(My most recent column for ChristianWeek )
Last column (September 15, 2008) featured tips from psychology and neuroscience for doing the best possible job in schoolwork. The skinny: For normal levels of achievement, self-discipline and sleep matter far more than IQ.
But what about truly troubled kids? Kids with mental problems like anxiety, ADHD, disruptive behavior, or pervasive development disorders? Parents, pastors, and youth leaders might be interested to learn of a recent hard-hitting editorial
in Nature Neuroscience (September 2008) highlighted a “Credibility crisis in pediatric psychiatry.” It is a warning that there are no simple, short-term answers to these problems on the horizon.
Briefly, the editors said, “Our understanding of the neurobiology and treatment of psychiatric illness in children remains poor. Prominent psychiatrists have now been accused of concealing the extent of their financial ties to the drug industry. We urgently need to encourage more science in this area and we need vigorous regulation to restore some neutrality to the field.” What’s behind that?
First, as the editors implied, it is often difficult to identify or treat childhood mental disorders. For one thing, children are always growing and changing, and learning to cope and relate—and they mature at their own pace. They may not be able to communicate clearly. And even if we are pretty sure about what is wrong, we don’t always know what to do about it. And by the time we develop an effective approach, the problem may have changed.
Here are some other problems they identify: Drugs are usually tested on adults, but the findings do not necessarily translate well to children. Their long term effects on brain development and function are not known. One research problem is that, whereas drugs for physical conditions can be tested on animals first, there are often no useful animal models for specifically human mental problems.
The issue that sparked the “credibility crisis” mentioned above was that psychiatrists who prescribe anti-psychotic drugs may have financial ties to the drug industry, in the form of, for example, consulting fees or ownership of shares. In one instance, Stanford University recently removed its chairman of psychiatry as a principal investigator of an antidepressant in a study paid for by the US National Institute of Mental Health. It determined that he had undisclosed ties to the drug company whose product was being investigated.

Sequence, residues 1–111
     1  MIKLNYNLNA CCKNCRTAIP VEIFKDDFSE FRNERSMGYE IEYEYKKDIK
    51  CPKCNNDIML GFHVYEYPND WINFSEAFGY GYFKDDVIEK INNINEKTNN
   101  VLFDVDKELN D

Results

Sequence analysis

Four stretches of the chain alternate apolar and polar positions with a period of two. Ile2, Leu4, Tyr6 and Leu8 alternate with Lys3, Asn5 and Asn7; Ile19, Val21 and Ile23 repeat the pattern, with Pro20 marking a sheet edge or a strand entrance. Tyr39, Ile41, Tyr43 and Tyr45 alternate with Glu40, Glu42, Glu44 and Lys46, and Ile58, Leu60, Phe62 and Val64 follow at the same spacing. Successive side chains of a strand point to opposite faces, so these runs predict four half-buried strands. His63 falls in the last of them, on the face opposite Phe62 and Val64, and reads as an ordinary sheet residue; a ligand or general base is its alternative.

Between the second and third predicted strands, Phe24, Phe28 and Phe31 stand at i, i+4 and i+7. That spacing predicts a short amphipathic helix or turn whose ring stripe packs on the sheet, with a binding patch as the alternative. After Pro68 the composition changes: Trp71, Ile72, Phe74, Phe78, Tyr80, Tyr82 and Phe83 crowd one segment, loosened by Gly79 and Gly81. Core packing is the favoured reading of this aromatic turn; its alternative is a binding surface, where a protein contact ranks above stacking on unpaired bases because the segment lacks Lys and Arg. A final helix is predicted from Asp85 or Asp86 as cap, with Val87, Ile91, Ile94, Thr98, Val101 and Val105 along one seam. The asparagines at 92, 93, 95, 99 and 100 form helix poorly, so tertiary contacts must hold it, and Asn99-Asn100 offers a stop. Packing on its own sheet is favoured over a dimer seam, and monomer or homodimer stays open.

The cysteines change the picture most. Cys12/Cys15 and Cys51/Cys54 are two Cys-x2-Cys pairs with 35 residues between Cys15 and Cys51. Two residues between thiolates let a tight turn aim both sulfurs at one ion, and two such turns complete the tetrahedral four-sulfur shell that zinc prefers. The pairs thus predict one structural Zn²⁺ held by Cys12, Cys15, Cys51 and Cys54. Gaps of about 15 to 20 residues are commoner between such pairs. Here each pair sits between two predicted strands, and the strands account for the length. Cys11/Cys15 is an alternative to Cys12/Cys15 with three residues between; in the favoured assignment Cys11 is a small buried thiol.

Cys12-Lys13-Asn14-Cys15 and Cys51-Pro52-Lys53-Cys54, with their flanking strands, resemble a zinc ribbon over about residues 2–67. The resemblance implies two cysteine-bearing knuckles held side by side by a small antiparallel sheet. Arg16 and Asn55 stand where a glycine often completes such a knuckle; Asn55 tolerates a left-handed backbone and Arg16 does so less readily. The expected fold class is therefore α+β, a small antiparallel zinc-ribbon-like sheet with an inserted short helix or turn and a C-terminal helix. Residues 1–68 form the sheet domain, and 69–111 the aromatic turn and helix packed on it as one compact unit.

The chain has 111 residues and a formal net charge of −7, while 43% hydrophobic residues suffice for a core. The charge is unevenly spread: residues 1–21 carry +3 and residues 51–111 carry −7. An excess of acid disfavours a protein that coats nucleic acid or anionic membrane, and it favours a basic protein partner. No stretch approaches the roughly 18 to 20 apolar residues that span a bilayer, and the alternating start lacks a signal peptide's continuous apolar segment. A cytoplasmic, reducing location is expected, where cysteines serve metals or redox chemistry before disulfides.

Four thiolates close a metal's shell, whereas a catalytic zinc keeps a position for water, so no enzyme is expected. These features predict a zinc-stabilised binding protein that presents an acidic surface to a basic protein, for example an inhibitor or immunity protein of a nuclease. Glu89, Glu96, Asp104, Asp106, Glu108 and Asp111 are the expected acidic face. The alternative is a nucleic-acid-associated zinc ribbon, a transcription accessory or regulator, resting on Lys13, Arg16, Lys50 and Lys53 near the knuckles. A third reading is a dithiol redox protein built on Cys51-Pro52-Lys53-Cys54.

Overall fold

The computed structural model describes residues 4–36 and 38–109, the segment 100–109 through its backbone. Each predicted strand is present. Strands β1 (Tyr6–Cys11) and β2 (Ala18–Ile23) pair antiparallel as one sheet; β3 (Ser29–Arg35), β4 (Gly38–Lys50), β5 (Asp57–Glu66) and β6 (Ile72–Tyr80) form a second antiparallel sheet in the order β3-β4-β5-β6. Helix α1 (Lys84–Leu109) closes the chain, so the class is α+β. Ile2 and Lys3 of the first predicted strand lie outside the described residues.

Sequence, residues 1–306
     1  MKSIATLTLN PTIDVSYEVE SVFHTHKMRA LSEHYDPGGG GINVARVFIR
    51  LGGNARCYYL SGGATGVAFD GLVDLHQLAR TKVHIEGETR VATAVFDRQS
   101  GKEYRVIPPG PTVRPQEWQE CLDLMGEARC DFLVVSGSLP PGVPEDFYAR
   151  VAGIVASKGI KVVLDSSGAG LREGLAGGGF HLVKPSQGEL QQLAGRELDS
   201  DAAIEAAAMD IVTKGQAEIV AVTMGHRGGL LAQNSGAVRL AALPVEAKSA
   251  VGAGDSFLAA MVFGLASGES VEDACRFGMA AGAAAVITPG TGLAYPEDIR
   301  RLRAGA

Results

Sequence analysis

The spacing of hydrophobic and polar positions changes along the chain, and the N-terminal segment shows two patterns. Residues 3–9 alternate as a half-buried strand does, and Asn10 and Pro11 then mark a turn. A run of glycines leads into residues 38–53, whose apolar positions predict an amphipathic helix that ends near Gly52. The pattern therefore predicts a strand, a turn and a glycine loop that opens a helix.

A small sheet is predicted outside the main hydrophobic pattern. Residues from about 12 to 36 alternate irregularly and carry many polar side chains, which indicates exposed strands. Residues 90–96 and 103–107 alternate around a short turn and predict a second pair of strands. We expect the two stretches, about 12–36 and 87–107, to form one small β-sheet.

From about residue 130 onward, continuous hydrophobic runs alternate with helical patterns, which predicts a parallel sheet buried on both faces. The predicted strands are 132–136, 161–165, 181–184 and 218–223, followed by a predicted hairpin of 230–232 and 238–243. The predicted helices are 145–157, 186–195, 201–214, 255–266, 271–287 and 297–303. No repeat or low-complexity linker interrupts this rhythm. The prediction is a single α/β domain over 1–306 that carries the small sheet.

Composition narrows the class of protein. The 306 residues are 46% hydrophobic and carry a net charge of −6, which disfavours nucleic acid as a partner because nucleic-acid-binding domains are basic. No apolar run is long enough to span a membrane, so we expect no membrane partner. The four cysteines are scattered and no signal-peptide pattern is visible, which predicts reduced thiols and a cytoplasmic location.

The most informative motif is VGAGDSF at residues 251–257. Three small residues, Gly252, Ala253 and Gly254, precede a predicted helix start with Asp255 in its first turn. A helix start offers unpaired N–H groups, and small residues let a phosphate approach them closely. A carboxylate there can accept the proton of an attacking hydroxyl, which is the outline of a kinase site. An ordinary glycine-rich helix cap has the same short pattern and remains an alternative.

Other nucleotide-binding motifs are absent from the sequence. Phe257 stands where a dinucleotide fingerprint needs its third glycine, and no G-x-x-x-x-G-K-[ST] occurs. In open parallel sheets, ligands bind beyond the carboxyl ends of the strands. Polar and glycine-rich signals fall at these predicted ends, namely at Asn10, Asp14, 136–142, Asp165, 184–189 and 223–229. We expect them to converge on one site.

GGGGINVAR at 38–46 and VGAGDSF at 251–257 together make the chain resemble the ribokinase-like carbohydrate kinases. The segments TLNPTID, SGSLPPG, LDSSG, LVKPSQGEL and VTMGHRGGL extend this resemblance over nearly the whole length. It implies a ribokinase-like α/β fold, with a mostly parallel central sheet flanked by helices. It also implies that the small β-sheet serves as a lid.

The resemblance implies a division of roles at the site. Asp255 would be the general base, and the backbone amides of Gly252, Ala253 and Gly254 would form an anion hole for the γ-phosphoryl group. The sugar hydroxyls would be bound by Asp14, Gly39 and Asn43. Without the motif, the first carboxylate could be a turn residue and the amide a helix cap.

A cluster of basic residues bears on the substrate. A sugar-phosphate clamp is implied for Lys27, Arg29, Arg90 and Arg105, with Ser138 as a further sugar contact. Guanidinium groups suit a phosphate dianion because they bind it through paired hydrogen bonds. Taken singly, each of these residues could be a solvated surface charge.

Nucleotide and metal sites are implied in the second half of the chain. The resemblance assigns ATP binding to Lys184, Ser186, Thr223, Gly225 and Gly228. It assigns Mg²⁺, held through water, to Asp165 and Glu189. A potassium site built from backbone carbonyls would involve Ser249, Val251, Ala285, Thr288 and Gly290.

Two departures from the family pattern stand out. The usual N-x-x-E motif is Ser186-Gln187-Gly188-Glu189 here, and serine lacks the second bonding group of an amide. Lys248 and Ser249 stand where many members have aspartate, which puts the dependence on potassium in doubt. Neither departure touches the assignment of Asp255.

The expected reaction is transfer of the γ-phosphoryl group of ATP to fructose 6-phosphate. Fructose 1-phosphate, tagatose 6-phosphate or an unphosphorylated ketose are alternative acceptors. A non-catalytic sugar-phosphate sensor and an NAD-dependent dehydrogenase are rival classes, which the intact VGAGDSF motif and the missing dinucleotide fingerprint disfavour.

A subtler problem is this: Many drugs are prescribed for children off-label. But there is little incentive for the drug company to sponsor expensive large trials to determine whether they work for children. If studies show that a drug does not work, it should not be prescribed, but no useful substitute may be available.
Here is another problem: A scientifically based trial must have a placebo group—a group that thinks it is getting the medication, but actually isn’t. Here is the reason: A large proportion of the placebo group will get better, partly because the subjects believe they are receiving a treatment. These results must be subtracted from the results in the control group, to determine the difference the medication itself made, as opposed to the power of suggestion. Adult participants in a clinical trial are told up front that they might be randomly assigned to the placebo group. According to surveys, few subjects actually believe they are in the placebo group. But because they are informed adults and they gave consent, what they believe is beside the point. However, children cannot give valid consent to participate in a clinical trial. So the risk that many children are in the placebo group—and therefore may not be receiving a medication that could actually help them—is an ethical dilemma. It could become a legal dilemma too, if tragedy occurs.
For these and other reasons, there are few or no obvious solutions to child mental health problems. Many parents may echo the father in Mark 9:17-29, “ ... Teacher, I brought you my son, who is possessed by a spirit ... I asked your disciples to drive out the spirit, but they could not.” Knowing in advance that this will sound trite to some desperate parents, one must mind Jesus’s word (v29), “This kind can come out only by prayer.” The good news is that prayer does help, though we do not often see its results immediately, only in retrospect.
Labels: children, psychiatry